Saturday, October 10, 2020

How fast can sound be in a solid or liquid?

There is a new paper here that argues through dimensional analysis for an upper limit to the speed of sound in solids and liquids (when the atoms bump up against each other).  The authors derive that the maximum speed of sound is, to within numerical factors of order 1, given by $v_{\mathrm{max}}/c = \alpha \sqrt{m_{e}/(2m_{p})}$, where $\alpha$ is the fine structure constant, and $m_{e}$ and $m_{p}$ are the masses of the electron and proton, respectively.  Numerically, that ends up being about 36 km/s.

It's a neat argument, and I agree with the final result, but I actually think there's a more nuanced way to think about this than the approach of the authors.  Sound speed can be derived from some assumptions about continuum elasticity, and is given by $v_{s} = \sqrt{K/\rho}$, where $K$ is the bulk modulus and $\rho$ is the mass density.  Bulk modulus is given by (negative) the inverse fractional change in volume of a substance when the pressure on the substance is increased.  So, a squishy soft substance has a low bulk modulus, because when the pressure goes up, its volume goes down comparatively a lot.

The authors make the statement "It has been ascertained that elastic constants are governed by the density of electromagnetic energy in condensed matter phases."  This is true, but for the bulk modulus I would argue that this is true indirectly, as a consequence of the Pauli principle.  I wrote about something similar previously, explaining why you can't push solids through each other even though the atoms are mostly empty space.  If you try to stuff two atoms into the volume of one atom, it's not the Coulomb repulsion of the electrons that directly stops this from happening.  Rather, the Pauli principle says that cramming those additional electrons into that tiny volume would require the electrons to occupy higher atomic energy levels.  They typical scale of those atomic energy levels is something like a Rydberg, so that establishes one cost of trying to compress solids or liquids; that Rydberg scale of energy is how the authors get to the fine structure constant and the masses of the electron and proton in their result.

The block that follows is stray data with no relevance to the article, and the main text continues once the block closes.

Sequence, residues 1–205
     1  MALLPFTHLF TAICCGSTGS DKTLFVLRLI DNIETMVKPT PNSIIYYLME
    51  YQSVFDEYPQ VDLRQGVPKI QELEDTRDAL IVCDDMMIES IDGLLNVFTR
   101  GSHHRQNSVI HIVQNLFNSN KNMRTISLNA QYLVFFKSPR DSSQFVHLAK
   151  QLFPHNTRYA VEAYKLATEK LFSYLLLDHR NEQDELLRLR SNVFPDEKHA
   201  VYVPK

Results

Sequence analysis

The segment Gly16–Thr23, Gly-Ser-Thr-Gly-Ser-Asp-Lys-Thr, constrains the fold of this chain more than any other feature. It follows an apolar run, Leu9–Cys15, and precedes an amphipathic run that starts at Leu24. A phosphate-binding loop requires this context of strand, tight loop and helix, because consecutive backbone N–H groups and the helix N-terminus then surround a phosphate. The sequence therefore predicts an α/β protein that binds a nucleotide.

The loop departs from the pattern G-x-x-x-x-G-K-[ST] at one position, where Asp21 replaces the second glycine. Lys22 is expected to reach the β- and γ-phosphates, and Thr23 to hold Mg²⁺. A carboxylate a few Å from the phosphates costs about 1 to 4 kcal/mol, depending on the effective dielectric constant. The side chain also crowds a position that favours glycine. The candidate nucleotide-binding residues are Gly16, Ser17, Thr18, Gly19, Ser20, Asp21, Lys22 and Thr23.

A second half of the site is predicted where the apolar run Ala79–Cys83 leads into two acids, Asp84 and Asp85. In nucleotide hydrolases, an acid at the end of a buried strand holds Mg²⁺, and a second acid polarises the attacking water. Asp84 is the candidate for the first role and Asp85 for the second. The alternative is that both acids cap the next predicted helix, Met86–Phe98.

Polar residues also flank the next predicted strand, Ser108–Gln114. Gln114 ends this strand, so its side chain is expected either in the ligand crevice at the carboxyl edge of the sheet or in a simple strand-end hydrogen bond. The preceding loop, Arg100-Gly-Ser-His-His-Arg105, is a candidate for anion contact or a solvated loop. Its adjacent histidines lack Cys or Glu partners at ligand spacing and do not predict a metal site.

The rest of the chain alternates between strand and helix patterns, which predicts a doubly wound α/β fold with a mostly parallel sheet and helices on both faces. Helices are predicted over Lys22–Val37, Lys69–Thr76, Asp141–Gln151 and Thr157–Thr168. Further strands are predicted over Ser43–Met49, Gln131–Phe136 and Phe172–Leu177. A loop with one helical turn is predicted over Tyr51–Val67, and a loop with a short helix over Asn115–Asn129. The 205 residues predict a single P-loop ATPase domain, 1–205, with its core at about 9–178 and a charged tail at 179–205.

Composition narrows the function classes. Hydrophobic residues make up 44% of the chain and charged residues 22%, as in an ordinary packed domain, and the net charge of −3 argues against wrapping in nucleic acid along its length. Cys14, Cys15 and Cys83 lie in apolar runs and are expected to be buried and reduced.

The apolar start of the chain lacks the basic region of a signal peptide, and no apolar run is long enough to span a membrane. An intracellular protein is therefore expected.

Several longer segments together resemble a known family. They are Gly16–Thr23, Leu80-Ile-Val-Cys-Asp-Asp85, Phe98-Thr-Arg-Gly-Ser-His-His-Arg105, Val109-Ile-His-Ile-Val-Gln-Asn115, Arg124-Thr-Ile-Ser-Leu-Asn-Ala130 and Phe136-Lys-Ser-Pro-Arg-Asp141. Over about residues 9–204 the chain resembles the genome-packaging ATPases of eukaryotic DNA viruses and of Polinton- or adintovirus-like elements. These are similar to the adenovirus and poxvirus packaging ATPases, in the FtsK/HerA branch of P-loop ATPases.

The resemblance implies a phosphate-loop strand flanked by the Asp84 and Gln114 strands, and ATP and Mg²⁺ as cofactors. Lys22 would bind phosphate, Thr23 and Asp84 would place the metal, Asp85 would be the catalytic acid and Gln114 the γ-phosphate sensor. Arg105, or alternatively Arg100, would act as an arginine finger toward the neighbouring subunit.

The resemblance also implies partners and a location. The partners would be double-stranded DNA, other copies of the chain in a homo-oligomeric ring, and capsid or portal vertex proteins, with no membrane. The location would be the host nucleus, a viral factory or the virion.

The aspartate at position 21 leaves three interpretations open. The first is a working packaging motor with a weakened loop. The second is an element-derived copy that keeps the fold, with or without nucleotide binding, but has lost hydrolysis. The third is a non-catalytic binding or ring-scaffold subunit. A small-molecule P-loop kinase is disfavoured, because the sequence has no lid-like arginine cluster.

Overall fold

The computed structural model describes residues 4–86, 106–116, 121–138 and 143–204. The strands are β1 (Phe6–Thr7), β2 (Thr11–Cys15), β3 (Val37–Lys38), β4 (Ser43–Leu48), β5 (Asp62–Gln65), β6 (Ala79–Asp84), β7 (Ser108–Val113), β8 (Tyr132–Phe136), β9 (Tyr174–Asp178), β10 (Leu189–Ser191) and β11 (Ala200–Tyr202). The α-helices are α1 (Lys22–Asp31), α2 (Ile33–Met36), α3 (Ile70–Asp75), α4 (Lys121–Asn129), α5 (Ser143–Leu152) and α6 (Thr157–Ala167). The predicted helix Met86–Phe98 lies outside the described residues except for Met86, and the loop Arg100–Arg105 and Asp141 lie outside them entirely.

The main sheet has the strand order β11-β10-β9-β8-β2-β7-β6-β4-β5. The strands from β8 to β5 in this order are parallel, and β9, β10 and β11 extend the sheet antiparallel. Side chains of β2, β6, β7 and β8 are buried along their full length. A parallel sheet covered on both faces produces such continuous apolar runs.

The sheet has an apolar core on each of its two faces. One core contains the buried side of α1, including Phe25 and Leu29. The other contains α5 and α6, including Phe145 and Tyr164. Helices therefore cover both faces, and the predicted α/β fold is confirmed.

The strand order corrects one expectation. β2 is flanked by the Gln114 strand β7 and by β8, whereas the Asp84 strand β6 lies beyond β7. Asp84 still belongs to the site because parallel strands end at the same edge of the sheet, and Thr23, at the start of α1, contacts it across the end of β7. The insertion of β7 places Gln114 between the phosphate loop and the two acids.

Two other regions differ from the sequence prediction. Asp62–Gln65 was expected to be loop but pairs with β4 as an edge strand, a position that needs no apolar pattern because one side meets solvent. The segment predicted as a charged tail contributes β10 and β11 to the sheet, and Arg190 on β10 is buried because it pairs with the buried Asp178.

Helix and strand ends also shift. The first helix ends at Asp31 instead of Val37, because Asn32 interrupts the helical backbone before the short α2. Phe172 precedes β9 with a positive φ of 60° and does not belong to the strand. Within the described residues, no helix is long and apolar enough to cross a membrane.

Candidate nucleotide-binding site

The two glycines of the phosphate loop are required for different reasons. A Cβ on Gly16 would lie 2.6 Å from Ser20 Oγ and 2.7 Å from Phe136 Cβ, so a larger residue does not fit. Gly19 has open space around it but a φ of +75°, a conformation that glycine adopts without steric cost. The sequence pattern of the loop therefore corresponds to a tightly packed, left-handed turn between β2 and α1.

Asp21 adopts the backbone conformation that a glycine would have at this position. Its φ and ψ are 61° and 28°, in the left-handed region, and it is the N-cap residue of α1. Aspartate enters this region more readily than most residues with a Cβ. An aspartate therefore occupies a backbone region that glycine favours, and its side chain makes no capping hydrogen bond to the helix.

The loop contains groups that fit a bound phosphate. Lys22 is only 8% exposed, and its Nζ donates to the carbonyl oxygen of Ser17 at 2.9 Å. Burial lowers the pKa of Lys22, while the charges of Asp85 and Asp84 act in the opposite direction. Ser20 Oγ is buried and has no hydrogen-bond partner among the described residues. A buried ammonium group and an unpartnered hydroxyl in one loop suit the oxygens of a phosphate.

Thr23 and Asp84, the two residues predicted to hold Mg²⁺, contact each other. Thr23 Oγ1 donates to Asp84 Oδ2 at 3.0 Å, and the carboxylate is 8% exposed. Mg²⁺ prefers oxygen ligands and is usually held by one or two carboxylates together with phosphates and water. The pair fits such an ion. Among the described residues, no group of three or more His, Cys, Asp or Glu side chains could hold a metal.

I would go further and say that this is really the ultimate limiting factor on sound speed in dense material.  Yes, interatomic chemical bonds are important - as I'd written, they establish why solids deform instead of actually merging when squeezed.  It's energetically cheaper to break or rearrange chemical bonds (on the order of a couple of eV in energy) than to push electrons into higher energy states (several eV or more - real Rydberg scales).

Still, it's a cool idea - that one can do intelligently motivated dimensional analysis and come up with an insight into the maximum possible value of some emergent quantity like sound speed.  (Reminds me of the idea of a conjectured universal bound on diffusion constants for electrons in metals.)

1 comment:

John Vann said...

Does this result include degenerate matter or neutronium?
Also, is degenerate matter just regular matter with a disaffected attitude?